Author’s Note: Before I lead you to believe I’m the most maniacal Google fan boy around, allow me to explain that’s not the case. In fact, I prefer Zoho Mail (one of our integration partners!) and Dropbox to their Google equivalents.
There’s just no denying that the assortment of Google products and services effectively makes Google the bee’s knees when it comes to search. In this article, I’m attempting to highlight some points relating to how Google services can be used in concert to gain an almost unfair advantage when it comes to building a business through search relevancy.
Trust. Reputation. Authority.
These concepts have long been the framework on which most of our society is built. They explain why we are inclined to value the opinions of people like Deepak Chopra and Stephen Hawking, since it is easy for us to identify such established, informed people as being trustworthy.
You’ve worked hard to reside among the best in your respective field, becoming an expert voice of authority on that field. It’s with that voice of authority that you’ve surely generated some content and put it online, in an effort to grow your audience and raise awareness of what you do.
Meanwhile, every spammer and scammer in the world can pump whatever nonsense they want to — often relating to your field — and sometimes get ahead in search rankings, obscuring your infinitely better content.
For your content to be able to stand out in relevant searches, you have to infuse your content with verifiable authority and proven reputability. And with the new upgrades to Google, it’s not just about keywords and linkbacks.
So how can your business tweak the system to make sure your content appears relevant and authoritative? Let’s look at how you can use Google services like Google+ and Author Rank to boost your page rank while making it look oh-so natural.
But Google+ is just a Facebook wannabe, right?
As far as the lot of us are concerned for social media, Google+ may never be as cool as Facebook. But it cannot be ignored. Google+ has eclipsed Twitter as the second biggest social network in the world. You have Twitter, right? Wouldn’t the recent shake up mean that Google+ should be a higher priority than Twitter?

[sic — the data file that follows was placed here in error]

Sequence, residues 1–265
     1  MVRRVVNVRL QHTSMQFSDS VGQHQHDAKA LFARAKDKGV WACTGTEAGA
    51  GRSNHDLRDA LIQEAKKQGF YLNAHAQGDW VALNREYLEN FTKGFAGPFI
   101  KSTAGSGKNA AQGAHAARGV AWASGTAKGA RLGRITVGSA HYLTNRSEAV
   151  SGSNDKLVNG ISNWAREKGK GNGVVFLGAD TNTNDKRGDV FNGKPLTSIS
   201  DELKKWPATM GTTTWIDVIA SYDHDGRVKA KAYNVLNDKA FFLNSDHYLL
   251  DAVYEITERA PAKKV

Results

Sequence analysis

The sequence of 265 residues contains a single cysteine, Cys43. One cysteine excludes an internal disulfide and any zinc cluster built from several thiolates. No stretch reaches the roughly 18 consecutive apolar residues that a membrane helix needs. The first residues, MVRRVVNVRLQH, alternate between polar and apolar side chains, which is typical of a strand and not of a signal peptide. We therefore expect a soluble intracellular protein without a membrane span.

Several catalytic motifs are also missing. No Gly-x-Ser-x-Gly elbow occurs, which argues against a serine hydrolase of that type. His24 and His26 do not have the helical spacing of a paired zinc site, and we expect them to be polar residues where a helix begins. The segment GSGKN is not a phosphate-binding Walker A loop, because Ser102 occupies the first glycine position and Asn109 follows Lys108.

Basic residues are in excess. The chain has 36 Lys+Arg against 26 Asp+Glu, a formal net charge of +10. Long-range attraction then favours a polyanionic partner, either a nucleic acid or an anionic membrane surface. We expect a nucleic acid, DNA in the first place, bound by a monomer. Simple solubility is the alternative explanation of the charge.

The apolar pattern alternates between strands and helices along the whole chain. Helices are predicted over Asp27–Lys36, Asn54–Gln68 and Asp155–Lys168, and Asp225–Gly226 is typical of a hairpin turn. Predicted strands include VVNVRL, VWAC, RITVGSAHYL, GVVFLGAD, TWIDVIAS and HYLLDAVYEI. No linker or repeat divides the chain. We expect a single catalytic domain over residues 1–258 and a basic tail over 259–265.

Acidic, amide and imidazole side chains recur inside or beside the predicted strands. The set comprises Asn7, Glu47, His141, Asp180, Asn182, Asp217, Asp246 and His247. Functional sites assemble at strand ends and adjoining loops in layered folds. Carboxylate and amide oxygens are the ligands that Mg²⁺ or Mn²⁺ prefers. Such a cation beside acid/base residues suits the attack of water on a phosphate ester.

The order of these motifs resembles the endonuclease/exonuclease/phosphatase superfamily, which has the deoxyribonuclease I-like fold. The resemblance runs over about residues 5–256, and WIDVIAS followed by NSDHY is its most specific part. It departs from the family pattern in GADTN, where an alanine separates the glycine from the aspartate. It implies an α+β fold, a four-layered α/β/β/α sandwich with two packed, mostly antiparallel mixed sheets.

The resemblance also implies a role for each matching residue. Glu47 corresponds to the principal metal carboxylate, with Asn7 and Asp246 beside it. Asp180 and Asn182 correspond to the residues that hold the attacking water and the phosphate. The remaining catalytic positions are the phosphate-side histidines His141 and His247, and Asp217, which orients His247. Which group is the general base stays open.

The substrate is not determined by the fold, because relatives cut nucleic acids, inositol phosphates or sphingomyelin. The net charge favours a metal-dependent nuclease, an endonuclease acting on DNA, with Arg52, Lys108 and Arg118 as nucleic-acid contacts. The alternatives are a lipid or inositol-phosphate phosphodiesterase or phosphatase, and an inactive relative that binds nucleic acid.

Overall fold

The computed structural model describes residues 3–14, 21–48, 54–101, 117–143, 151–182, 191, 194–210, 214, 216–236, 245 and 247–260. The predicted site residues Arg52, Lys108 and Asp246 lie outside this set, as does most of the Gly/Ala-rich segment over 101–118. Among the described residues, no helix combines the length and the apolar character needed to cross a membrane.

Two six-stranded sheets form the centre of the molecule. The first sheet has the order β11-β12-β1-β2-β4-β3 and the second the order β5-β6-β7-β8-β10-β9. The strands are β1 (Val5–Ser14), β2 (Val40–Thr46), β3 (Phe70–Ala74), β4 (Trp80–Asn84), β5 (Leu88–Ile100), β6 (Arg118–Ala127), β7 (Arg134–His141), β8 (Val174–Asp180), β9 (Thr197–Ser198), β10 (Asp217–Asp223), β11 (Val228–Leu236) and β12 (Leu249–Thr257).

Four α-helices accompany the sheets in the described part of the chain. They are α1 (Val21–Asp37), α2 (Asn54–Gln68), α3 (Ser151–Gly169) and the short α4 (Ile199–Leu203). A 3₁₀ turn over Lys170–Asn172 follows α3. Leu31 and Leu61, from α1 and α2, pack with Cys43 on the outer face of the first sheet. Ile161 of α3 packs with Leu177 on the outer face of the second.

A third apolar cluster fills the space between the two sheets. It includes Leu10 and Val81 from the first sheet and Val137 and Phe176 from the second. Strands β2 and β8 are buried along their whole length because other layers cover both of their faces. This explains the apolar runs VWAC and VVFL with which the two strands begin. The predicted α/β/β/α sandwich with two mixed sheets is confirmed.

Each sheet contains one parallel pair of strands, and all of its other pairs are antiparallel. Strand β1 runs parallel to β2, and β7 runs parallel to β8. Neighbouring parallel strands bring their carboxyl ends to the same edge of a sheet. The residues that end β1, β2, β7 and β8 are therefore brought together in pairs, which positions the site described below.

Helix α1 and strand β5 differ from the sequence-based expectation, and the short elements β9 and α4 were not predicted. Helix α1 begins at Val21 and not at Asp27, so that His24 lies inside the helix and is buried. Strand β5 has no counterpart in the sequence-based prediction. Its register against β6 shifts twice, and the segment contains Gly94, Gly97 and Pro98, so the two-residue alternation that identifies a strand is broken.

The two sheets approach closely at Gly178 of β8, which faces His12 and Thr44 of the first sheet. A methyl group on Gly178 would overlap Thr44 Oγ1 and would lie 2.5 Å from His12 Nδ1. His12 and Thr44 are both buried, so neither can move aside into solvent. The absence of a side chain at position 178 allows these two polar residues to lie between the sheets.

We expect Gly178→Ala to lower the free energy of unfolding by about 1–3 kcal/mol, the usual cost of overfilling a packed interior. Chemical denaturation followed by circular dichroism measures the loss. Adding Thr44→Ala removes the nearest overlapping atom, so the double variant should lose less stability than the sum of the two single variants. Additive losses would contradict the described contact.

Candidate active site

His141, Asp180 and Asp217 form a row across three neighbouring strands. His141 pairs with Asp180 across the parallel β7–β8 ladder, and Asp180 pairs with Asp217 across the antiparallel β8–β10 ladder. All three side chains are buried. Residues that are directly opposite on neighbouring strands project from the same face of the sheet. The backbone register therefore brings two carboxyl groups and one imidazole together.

The biggest selling point of Google+ is that it’s got a direct link to the most important search engine in the world. And let’s face it, the other search engines are just kidding around compared to Google.
Google+ has more than 359 million users as of now. Though admittedly that doesn’t mean they are active users, but that they at least have a Gmail account that gives them an auto-Plus account. But, anyway, that’s not the big number.
The number to really think about is the number of Google searches conducted last year alone: 1.8 trillion. So it’s easy to see that, anything you can do to get ahead in Google search results, is a good thing.
That’s where Google+ gets a lot more interesting. (Even, perhaps, unwarrantedly powerful.)
Enter: Google Authorship
“Within search results, information tied to verified online profiles will be ranked higher than content without such verification.” – Google’s Eric Schmidt, The New Digital Age.
If you’ve searched Google recently, you may have already noticed Google Author Rank at work. When you search, you sometimes see little pictures of content authors appearing next to search results.
This Google authored content has a much higher click-through rate than plain text search listings, so you want to work towards having your content do the same thing.
Using Google Authorship, the search engine will rank each piece of content based on the perceived authority of the person who uploads the document. This can be either an author, in the case of a blog post, or an agent of a business or organization, in the case of an infographic created by a research team, for example.
The first thing you need to do is set up your Google+ account (or create a new one) for Authorship. You can also link your Google accounts and digitally-sign content published under linked personas. Google will look for your byline across the web, to make sure it trawls and indexes all of your content. After you’ve taken the steps to do that, you can start exploring and learning just how powerful Google Author Rank really is.
Once you’ve taken care of that, here’s what you’ll be able to do:
Associate content with your Google + profile
Share the content you write via Google+
Appear more favorably in Google search results
See your picture next to search results